Gale Gordon Biography


Birthday: February 20, 1906 (Pisces)

Born In: New York City, U.S.New York, New York, United States

Charles Thomas Aldrich Jr., popularly known as Gale Gordon in the show business, was an American actor. A method actor, he was most popular for his portrayal of ‘Mr. Theodore J. Mooney’ in the CBS sitcom ‘The Lucy Show’. He also appeared in another long-running popular sitcom ‘Here's Lucy’. Gordon worked extensively with Lucille Désirée Ball in many of her shows, portraying lead roles and becoming a crowd favourite. He also appeared in ‘I Love Lucy’ and ‘Life with Lucy’, two more shows produced by Ball. His portrayal of the principal ‘Osgood Conklin’ in the sitcom ‘Our Miss Brooks’ is regarded to be one of his best performances. Gordon was nominated for four Primetime Emmy Awards between 1955 and 1971. Gordon had a remarkable career in radio as well and became the first person to play the character of ‘Flash Gordon’, the space hero from an adventure comic strip. He appeared in many popular radio shows, including ‘The Great Gildersleeve’, ‘Granby's Green Acres’, and ‘My Favorite Husband’. Apart from acting, Gordon had other talents as well. He wrote two books and used to paint in his free time.
Quick Facts

Also Known As: Charles Thomas Aldrich, Jr.

Died At Age: 89


Spouse/Ex-: Virginia Curley (m. 1937)

father: Charles Aldrich

mother: Gloria Gordon

Born Country: United States

Actors American Men

Height: 5'8" (173 cm), 5'8" Males

Died on: June 30, 1995

place of death: Redwood Terrace, Escondido, California, United States

Cause of Death: Lung Cancer

City: New York City

U.S. State: New Yorkers

Childhood & Early Life
Gordon was born as Charles Thomas Aldrich Jr. on February 20, 1906, in New York City, to actress Gloria Gordon and Charles Thomas Aldrich.
He started out as a radio artist in the late 1920s and continued for a while before enlisting in the army for World War II service. After returning from the war, Gordon resumed his career.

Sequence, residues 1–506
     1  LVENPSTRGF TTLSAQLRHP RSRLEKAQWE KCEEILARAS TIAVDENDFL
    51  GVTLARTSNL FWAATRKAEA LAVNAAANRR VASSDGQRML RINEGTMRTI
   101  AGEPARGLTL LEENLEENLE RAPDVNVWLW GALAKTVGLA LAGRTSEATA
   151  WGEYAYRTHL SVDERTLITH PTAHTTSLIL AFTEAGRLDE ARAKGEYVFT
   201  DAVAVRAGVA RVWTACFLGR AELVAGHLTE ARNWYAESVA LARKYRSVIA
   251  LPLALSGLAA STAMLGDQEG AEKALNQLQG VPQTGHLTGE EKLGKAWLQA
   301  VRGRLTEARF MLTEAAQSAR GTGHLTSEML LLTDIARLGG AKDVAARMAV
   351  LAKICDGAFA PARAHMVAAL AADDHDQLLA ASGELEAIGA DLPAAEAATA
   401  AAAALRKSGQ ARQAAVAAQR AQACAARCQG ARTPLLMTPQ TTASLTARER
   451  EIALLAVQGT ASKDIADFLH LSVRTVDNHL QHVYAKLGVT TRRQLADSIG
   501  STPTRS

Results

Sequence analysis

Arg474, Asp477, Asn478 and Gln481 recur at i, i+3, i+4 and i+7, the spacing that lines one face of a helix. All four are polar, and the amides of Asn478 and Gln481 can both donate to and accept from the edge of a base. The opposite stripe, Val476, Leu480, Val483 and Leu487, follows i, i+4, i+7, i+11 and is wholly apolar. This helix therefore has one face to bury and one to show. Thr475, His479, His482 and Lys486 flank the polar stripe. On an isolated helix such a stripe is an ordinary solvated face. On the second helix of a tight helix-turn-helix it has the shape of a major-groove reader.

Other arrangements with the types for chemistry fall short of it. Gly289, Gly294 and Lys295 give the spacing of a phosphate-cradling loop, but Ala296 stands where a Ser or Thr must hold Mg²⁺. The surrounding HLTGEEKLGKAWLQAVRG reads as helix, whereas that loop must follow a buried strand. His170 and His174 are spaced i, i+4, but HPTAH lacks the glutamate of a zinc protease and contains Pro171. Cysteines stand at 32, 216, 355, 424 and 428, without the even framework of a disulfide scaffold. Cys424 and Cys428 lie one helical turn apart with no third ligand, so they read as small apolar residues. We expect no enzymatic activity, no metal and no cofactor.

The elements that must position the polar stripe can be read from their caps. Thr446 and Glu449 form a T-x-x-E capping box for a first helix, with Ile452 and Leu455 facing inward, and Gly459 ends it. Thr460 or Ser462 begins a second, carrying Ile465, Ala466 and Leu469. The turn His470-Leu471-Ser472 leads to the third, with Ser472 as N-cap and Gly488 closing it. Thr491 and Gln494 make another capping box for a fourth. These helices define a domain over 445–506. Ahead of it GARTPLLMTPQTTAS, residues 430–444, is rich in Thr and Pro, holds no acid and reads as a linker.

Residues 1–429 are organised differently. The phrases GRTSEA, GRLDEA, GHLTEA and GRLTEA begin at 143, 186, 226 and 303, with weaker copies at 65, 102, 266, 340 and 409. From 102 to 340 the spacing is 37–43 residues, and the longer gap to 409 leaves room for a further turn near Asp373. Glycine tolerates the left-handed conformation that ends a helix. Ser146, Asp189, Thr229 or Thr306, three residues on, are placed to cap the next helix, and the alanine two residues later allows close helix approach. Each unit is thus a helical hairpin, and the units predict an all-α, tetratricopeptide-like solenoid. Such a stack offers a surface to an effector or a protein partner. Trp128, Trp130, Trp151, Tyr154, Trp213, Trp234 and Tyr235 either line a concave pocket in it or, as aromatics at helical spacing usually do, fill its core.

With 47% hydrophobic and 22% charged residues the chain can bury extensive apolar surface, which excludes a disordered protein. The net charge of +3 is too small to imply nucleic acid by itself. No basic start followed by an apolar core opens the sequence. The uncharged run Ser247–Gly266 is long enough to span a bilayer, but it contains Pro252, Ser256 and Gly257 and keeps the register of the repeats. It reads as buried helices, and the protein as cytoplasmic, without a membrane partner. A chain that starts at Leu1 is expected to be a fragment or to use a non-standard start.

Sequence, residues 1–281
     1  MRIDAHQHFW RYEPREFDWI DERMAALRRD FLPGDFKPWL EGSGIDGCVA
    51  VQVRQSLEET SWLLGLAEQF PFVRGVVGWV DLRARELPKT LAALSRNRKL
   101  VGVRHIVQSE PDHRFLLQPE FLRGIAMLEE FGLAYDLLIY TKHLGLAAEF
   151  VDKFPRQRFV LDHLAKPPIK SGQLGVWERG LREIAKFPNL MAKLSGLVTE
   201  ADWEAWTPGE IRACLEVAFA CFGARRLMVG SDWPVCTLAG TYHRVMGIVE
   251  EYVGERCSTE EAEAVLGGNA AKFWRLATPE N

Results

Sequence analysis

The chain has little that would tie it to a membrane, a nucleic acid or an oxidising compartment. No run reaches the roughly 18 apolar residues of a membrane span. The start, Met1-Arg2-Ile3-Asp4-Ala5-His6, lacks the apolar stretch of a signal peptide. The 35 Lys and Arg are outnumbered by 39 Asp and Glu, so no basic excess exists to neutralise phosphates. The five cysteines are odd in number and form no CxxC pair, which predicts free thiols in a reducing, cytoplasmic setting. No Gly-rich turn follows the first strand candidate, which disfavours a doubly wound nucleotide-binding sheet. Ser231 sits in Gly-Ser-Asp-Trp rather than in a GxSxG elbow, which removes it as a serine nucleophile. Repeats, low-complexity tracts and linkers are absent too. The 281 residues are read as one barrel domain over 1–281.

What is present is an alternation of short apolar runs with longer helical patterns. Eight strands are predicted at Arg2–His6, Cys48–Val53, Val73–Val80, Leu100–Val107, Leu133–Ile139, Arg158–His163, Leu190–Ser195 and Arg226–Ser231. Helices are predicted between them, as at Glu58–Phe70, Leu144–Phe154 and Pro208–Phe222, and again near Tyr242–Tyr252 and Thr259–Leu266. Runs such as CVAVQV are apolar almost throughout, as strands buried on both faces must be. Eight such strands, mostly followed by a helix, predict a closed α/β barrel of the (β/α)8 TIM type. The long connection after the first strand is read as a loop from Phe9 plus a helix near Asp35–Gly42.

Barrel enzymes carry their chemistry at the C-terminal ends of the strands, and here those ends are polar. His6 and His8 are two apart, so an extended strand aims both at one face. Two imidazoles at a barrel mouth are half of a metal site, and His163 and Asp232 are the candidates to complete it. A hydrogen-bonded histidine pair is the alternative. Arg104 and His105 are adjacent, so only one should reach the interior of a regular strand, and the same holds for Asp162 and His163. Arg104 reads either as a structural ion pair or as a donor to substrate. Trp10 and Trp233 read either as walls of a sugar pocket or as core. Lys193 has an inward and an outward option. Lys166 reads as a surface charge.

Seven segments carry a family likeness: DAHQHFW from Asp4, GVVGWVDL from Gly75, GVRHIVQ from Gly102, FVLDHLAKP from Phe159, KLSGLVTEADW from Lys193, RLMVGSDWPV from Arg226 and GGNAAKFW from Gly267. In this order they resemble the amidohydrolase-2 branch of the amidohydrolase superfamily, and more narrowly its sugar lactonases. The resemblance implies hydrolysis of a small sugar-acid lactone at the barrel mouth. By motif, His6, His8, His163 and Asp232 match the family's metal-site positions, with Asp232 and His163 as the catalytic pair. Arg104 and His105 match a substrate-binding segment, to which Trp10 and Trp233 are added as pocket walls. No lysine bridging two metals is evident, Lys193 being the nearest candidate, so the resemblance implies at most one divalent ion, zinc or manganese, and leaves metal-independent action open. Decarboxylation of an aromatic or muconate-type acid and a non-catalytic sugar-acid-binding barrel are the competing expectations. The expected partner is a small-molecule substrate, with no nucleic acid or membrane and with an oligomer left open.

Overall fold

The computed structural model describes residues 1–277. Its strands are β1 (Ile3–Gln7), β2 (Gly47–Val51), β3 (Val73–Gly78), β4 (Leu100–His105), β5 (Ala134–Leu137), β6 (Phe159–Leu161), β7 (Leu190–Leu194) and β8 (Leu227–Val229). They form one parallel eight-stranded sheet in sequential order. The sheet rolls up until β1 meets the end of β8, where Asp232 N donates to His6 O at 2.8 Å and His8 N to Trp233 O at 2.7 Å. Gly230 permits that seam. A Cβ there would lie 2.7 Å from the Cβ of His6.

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Radio Career
Gale Gordon started working for the radio industry as a young man and struggled for a while. However, within a few years, he managed to get his career on track.
He voiced the popular space comic superhero character ‘Flash Gordon’ for the first time in 1935. Gordon became an icon due to this role and it didn’t take much time for him to become a crowd favourite in the mid-1930s.
Playing the role of ‘Mayor La Trivia’ on the radio series ‘Fibber McGee and Molly’ (1935-56) turned his fortune and Gordon established himself as a radio artist. He also played another role in that show. During his time with the show, Gordon was enlisted in the United States Coast Guard as part of the United States Army to serve in World War II.
After returning to his homeland following the war, Gordon resumed his acting career on radio, something he never thought of leaving even during the war.
The next few years saw Gale Gordon featuring in several radio shows, including playing ‘John Granby’ in ‘Granby's Green Acres’, ‘Osgood Conklin’ in ‘Our Miss Brooks’ (he later played the same role in the televised version of the show), and ‘Rudolph Atterbury’ in ‘My Favorite Husband’.